I love electric toothbrushes. Rotary tools are making their way into
the house at last. Recently, I bought my maid a rotary dish brush,
the one by Black & Decker. It's the first I've seen with a long
bristle brush attachment as an accessory. No more cramming one's
hand into most size glasses. They say use alkalines but NiMHs do
I had to make a couple of handles for jigs, that looked like handsaw
handles. So, I just took a saw handle, traced it and made a template. Used
the laminate trimmer and I cut out the blank, and used various tools to
clean it up.
I used a 3/8 round over bit, on most of the handle, but on the inside of the
The ultra-small sanding drums proved invaluable for cleaning up and shaping
the inside of the new jig handle.
I don't have a dremel, but the B&D equilivant.
Mostly for cutting things in-place. Like screws, and floor drain pipe
while its in the floor.
My recommendation though is to use it on metal. I cut some shims
yestarday and all but started a fire. I cut some PVC pipe and stunk up
the basement with what was probably toxic fumes. But it was the only
way to do the job.
"Then said I, Wisdom [is] better than strength: nevertheless the poor
I use one for:
Coping molding with a pointed carbide burr
Small, light-duty grinding tasks
Cutting bolts with a fiberglass wheel
Most of the stuff they show them doing in commercials are a bit of a
Sharpening my chainsaw, hedge clippers, and lawnmower blade. Tuning
the bottom of the keys on the tongue drums I made. The planer
attachment works great to remove 1/64 of material on wood. The
reciprocal saw attachment for cutting sheet rock. Somebody recently
showed me he uses the router attachment to finish the flats on the
bottom of his dovetails so they are all exactly the same depth. It's
just one of those tools, for the money, that is worth having for that
occasional "perfect" use. It is well made and the accessories and
attachments are inexpensive.
I use the little bitty drum sanders to make dowels fit through holes, the wheels
and brushes for deburring small stuff, etc...
Anything that you need to do and can't get a "real" drill or grinder into...
Most folks use them on too big of things, IMHO... That's like using a skillsaw
to cut compound miters...
I bought a deluxe one for the wife for Christmas for her carving and wood
First thing she used it for, (and it's most common use for her), was to do her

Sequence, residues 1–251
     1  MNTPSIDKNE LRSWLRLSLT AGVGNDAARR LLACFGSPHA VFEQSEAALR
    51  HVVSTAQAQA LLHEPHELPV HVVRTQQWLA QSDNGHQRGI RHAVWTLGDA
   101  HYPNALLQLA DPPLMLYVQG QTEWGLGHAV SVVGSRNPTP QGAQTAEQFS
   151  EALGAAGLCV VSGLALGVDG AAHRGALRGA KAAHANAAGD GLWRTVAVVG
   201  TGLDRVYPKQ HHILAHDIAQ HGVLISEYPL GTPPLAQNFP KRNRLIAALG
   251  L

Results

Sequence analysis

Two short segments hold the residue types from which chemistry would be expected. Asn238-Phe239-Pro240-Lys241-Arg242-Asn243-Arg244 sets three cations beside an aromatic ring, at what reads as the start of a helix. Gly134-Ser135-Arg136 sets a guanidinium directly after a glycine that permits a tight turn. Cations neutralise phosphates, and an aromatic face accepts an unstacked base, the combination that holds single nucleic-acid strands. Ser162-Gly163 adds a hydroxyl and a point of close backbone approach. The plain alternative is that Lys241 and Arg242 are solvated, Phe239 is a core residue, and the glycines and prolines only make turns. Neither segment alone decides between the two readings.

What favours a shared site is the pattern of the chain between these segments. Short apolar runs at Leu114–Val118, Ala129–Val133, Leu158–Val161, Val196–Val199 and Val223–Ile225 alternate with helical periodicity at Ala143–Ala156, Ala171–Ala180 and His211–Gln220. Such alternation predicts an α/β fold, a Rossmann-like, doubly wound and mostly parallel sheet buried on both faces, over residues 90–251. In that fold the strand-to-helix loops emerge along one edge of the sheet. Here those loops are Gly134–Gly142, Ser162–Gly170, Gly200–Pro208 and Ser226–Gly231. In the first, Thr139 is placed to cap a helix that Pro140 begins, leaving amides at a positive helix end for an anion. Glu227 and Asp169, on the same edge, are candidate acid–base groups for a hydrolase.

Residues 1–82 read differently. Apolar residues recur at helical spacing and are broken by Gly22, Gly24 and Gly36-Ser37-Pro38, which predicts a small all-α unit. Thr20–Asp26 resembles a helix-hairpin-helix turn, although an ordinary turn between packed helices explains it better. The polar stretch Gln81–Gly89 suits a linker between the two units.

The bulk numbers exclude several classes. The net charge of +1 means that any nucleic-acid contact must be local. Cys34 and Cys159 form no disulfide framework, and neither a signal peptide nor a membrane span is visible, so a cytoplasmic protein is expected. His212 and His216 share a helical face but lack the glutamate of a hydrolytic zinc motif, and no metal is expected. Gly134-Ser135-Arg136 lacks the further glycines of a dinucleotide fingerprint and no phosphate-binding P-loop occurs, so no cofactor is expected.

I thought it was pretty funny, using power tools for nails, but she told me that
all of the local nail places use Dremels... whodathunkit..
I don't think I've ever used mine for woodworking, but I do use it for
small things, cutting screws, drilling holes, grinding, etc. It's
handy when you need to do things in tight spaces where you can't get a
I do a lot of small grinding and cut-off with
mine. At work someone else lost the keys to a
dozen pad locks, and cut then all off. At home I
use mine to do some carving, but I really like it
as a tiny router. I admit the I could be a wimp,
but in a router base, the dremel makes short work
of mortising for hinges.
Billy Smith wrote:
I have the sears version & made a edge routing base. I used a metal
tap (I think 3/4 x 3tpi?- used a pitch gage to figure it out & have
slept since then) to cut threads into a piece of 1/2" maple. Glued it
to another piece of wood. Then used a drill bit to center the hole up
on the drill press & drilled a 3/8" hole into the other piece of wood.
Then used the bandsaw to cut thru the edge of the hole lengthwise so
only a little of the 3/8" hole edge showed thru. Used the dremel to
widen the slot a little. Then I removed the screw-on cover, added a
3/16" router bit (with 1/8th shank), screwed on my little 'fence' and
used it to rout a real tiny rabbet in the edge of a piece of wood.
Depth of cut is controlled by unscrewing the 'fence' & resetting the
depth of the bit in the collet. I could have used a rabbeting bit with
a dremel router base, but did not have either & was short of funds at
the time. I WAS going to use it to cut the binding slot in my mandolin
I was making at the time, but chickened out-- was too afraid of
tear-out in the soft spruce. Will most likely use it on my next
instrument. I think I'm a little braver now.
HomeOwnersHub.com is a website for homeowners and building and maintenance pros. It is not affiliated with any of the manufacturers or service providers discussed here.
All logos and trade names are the property of their respective owners.